Move from efficiency to effectiveness


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Two terms that have been overused among technologists and businessmen alike are efficiency and effectiveness. These words are often (and incorrectly) used interchangeably. The objective of this post is to tease out their differences, and their implications to business in today’s world.

Let us start with the similarities. Both efficiency and effectiveness pertain to outputs based on a given input. High efficiency and effectiveness alike refer to getting more for less. The difference is that efficiency deals purely with quantitative measures, while effectiveness is qualitative. Efficiency is calculated. It is a science.  Effectiveness is perceived. It remains an art.

We can choose to play the efficiency game in the market – launching a product whose benefits can be quantified. The speed of an internet connection, the fuel-efficiency of a car, or the rate at which a particular machine can manufacture widgets are all efficiency measures. The advantage here is that your value can be clearly communicated. On the flip side, your competitor can do the same thing. Moreover, this value can, at best, only scale linearly with performance. A car that is twice as fuel efficient can only run two times the distance for the same amount of fuel. This is regardless of how much harder it is to actually develop and manufacture something twice as efficient. Value that is pegged on efficiency can diminish rapidly.

Value can also be based on effectiveness. The job market is a perfect example. Most companies are looking for “effective” employees – a vague description that can only be supported by adjectives like creative, open-minded, empathetic and so on. Value is communicated not in numbers, but based on feelings and satisfaction of the user. This property also makes it hard to compete against, because the value of effectiveness is subjective, and highly biased towards familiarity and existing relationships. Additionally, value can scale non-linearly. An executive who is perceived to be twice as effective as another, can demand 5 times the salary.

As the world becomes a smaller place, comparison becomes easier. Consequently, a value proposition based on efficiency faces enormous competition, which can rapidly diminish returns. It can turn the best products in the market into commodities. The only way to guard against this threat is to position ourselves based on effectiveness.

Empty notebooks lose their value as soon as a competitor can print them more efficiently. A well written book can stay effective for centuries. Seesaw plain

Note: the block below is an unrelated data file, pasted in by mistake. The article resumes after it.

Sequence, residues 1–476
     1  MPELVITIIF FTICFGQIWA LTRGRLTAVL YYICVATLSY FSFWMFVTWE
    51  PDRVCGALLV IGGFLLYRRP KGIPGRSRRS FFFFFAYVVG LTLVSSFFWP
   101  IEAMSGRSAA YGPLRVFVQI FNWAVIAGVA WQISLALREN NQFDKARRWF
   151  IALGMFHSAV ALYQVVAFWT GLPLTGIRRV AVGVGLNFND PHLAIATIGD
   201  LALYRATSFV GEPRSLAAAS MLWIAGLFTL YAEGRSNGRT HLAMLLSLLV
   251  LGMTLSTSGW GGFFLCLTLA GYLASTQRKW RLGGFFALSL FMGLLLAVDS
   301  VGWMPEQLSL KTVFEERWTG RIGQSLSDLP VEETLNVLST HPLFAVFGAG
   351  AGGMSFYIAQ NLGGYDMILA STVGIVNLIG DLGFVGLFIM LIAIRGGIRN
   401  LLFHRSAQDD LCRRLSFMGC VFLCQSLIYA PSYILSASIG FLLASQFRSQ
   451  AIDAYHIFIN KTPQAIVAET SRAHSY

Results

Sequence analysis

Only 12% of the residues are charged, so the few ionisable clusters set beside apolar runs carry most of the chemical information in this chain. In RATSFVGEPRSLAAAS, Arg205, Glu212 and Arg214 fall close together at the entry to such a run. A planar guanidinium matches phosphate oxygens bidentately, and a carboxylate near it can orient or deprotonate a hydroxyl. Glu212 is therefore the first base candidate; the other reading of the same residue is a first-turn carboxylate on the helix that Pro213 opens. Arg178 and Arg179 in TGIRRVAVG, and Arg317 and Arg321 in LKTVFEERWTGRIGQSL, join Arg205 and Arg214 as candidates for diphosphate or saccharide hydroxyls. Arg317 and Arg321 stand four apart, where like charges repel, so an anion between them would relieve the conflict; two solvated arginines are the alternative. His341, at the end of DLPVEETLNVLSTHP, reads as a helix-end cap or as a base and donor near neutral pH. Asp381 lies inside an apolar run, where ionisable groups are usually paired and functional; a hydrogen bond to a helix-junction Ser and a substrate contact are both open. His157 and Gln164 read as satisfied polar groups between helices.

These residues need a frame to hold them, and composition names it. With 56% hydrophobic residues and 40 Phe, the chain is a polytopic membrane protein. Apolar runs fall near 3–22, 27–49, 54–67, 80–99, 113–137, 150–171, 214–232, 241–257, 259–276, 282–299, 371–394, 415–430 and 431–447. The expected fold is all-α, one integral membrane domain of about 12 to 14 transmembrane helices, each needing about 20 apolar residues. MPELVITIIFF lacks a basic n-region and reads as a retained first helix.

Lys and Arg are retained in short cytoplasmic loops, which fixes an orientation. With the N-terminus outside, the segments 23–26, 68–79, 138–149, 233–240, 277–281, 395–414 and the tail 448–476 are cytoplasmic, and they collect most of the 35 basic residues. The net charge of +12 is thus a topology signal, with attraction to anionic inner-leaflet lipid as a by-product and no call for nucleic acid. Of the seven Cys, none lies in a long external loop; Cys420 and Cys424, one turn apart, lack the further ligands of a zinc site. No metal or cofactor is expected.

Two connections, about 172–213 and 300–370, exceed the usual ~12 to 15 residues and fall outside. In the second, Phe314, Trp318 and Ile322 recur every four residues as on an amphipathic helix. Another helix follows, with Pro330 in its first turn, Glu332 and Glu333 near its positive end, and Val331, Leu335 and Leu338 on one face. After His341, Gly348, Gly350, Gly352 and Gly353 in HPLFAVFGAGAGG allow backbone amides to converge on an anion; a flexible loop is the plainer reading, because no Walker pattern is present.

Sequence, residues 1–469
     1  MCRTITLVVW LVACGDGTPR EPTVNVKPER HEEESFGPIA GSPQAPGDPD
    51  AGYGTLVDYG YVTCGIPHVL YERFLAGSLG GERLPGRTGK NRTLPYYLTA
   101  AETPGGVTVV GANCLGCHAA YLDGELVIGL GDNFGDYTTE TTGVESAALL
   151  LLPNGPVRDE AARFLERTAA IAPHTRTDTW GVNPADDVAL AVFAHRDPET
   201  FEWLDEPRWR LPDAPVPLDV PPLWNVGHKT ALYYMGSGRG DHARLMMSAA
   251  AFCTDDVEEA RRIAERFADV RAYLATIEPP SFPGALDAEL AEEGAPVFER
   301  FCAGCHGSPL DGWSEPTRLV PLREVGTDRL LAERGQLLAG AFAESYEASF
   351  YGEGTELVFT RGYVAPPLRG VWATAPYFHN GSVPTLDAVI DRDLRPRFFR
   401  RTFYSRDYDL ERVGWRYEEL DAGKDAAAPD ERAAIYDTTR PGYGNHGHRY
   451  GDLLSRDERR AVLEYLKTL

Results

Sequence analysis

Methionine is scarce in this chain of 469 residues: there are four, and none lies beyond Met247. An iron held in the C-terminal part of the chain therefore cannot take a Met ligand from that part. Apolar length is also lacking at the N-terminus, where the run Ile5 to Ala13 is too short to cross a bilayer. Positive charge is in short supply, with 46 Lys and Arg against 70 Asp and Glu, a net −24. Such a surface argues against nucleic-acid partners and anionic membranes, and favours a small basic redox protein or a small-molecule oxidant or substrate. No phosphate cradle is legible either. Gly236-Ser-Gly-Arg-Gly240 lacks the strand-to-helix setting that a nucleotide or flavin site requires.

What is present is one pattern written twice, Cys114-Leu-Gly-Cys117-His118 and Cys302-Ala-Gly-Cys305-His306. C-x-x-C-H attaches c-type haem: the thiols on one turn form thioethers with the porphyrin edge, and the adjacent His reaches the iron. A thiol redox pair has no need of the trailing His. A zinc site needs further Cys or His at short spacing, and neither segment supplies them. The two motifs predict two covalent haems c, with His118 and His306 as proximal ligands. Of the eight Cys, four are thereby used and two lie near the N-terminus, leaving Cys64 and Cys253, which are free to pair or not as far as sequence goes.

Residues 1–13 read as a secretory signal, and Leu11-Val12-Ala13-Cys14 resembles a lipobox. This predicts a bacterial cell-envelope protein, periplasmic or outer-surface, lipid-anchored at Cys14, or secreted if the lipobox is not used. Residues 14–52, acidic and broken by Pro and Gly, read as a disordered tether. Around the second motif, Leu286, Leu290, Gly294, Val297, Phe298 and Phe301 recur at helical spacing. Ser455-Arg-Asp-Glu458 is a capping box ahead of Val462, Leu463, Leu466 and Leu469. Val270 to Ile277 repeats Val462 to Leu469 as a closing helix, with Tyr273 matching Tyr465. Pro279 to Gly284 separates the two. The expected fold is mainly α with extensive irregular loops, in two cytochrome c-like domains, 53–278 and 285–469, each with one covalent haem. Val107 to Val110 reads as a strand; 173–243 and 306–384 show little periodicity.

2 thoughts on “Move from efficiency to effectiveness

  1. Well, if you look closely both efficiency and effectiveness are related. By definition effectiveness is about choosing or doing the right things, which should always be the first goal. Efficiency on the other hand can be defined as “Doing things right ” which in turn depends, on the inputs that are used, to generate a degree of effectiveness. For example, efficiency increases, when we reduce waste or minimize cost, along with maintaining throughput(A certain amount of throughput can always be called a effective measure). In essence a more efficient process will have a higher degree of effectiveness.

    Effectiveness is always about the thought process. Like i can always be a effective comedian, who churns out material every two years. On the other hand, an effective as well as a efficient comedian will churn out new material every six months. Again comedy is such an subjective area to focus here

    Liked by 1 person

  2. Dear Minz,

    Firstly, thanks a ton for your comment! It certainly got me thinking 🙂

    Effectiveness is the degree to which something something has a desirable “effect” on its audience. Efficiency is a measure of the least amount of input – time, manpower, resources, raw materials etc. it takes for us to get there.

    And yes. Efficiency and effectiveness can be related, only when the efficiency itself has a bearing on the effectiveness. This can often happen. When we arrive at a restaurant, we would rather have pizza that tastes good enough in 15 minutes than excellent pizza that has a waiting time of two hours. But if I can pre-order the pizzas at 5 PM to be delivered to my party at 8 PM, I would sure as hell order the excellent ones.


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